It's a dream come true.

After years of hard work and sacrifice, Brad Kunkle will realize his dream of having his first solo art exhibit at a tony Manhattan art gallery.

"It's a dream come true and very surreal," says the 1996 Lehighton Area High School graduate.

"Having a solo show in New York City is something I've dreamed of since I was roaming the halls of high school. I know how fortunate I am; there are a ton of artists out there from all over the world who have the same dream."

Some may look at Kunkle and call him lucky, but it isn't luck that got him to this place in his life. He is an incredibly talented artist and he has worked very hard toward this goal, sometimes painting for hours at a time.

"Being from a small town like Lehighton makes the whole feeling that much more romantic," says Kunkle. "If there's one thing I'm proud of, it's being from a small town and accomplishing this. I had amazing parents that believed in me and taught me the value of hard work and positive social skills. You can have talent, but if you don't have those two other things, you're not going to get far down any path in life."

Kunkle credits the support of his friends and family in helping him get to this point in his life. He says he also followed his instincts, and worked "VERY hard."

That hard work and devotion to his art has even helped him develop an unusual style of painting, that employs the use of gold and silver leaf throughout the work. Primarily done in black and white, the metallic elements give his work an ethereal quality almost dreamlike.

The process, he says, was developed over about 10 years.

"Most of that time was spent painting in my head, figuring things out without actually painting for real," says Kunkle. "I had to unlearn a lot of things from school because I just didn't feel connected to those techniques and traditional ways of doing things. I started compiling imagery that I liked most from artists of the past, and I was attracted to the haunting quality of early photographs. Full color palettes never did it for me, so I just got rid of color. I like the surreal quality of the muted gray skin tones and the warmth of the umbers they just feel natural to me.

"The missing element in my work was the gold and silver. Metal leaf has been used for centuries, and of course I had seen it used in fine art before, but it never struck me until I was copper leafing entire walls as a decorative painter. I was so impressed with the shifting of the surfaces and I knew that I had the last piece to my puzzle," Kunkle explains.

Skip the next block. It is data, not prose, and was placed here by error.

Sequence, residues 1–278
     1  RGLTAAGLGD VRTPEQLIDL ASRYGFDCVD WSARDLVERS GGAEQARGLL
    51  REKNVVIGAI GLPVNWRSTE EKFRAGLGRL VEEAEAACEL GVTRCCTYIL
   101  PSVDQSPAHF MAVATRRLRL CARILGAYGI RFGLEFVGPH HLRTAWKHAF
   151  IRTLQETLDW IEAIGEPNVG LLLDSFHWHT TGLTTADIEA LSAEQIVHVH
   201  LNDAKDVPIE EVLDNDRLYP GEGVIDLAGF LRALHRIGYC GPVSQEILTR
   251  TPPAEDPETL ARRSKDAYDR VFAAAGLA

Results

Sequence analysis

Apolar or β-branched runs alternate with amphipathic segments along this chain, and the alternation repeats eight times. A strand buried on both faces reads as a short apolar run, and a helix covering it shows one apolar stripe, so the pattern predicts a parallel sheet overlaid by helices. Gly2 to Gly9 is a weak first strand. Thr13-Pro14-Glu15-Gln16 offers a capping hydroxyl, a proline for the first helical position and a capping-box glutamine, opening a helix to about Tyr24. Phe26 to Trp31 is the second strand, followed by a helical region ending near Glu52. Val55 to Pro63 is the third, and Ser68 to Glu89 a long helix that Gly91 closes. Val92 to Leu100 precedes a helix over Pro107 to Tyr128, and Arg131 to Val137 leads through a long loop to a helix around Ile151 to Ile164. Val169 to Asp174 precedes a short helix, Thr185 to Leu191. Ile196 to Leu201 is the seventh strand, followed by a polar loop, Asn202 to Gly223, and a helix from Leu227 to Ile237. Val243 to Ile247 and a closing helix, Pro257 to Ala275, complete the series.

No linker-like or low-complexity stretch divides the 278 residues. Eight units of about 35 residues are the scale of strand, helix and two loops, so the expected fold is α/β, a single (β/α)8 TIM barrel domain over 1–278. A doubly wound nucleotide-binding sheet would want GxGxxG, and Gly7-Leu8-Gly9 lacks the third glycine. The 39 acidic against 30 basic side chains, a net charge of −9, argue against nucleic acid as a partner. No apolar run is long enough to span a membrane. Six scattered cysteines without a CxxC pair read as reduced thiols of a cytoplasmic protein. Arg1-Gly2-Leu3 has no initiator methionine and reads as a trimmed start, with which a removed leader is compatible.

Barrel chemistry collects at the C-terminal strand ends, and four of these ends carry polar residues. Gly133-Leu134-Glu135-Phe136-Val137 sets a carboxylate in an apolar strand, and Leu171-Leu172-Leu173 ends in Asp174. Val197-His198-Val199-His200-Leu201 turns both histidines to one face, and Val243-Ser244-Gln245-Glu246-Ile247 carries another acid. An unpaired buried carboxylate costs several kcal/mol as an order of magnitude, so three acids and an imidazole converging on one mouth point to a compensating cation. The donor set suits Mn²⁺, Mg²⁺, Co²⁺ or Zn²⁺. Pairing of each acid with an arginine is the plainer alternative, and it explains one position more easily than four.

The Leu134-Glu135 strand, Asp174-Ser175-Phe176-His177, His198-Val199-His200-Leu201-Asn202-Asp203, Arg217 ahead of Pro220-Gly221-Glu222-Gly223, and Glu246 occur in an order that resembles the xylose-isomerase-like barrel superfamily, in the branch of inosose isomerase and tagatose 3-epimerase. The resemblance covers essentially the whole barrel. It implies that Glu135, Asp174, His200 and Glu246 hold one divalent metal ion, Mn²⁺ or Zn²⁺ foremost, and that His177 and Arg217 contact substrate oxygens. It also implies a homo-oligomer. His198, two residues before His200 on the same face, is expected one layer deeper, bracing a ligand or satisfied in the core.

He started to experiment at that point, until he felt all the pieces of that puzzle fit the way he felt they should. Trusting his instincts, he intuitively began using Q-tips and rags to paint forests, and says now there isn't a painting of his in which he does not use those tools in place of a brush.

In simple terms, Kunkle creates his paintings by using a clear adhesive that is brushed on the areas where he wants to apply the gold or silver, making sure the surrounding areas of paint are dry."

When he applies the leaf, it only sticks to those areas where he has placed the adhesive.

He then manipulates the leaf with metal tools to treat the edges. The area is eventually sealed with shellac to prevent the metal from tarnishing or to give any successive layers of oil paint some adhesion.

Kunkle graduated from Kutztown University in 2001 with a bachelor of fine arts with a concentration in painting. He worked as a toy designer for a small startup company for a couple of years, and then quit to focus on a musical career, playing bass in an indie rock band called Aderbat. He supplemented that income as a house painter, while sometimes doing decorative wall work.

He painted houses for a few years and then started painting animal portraits.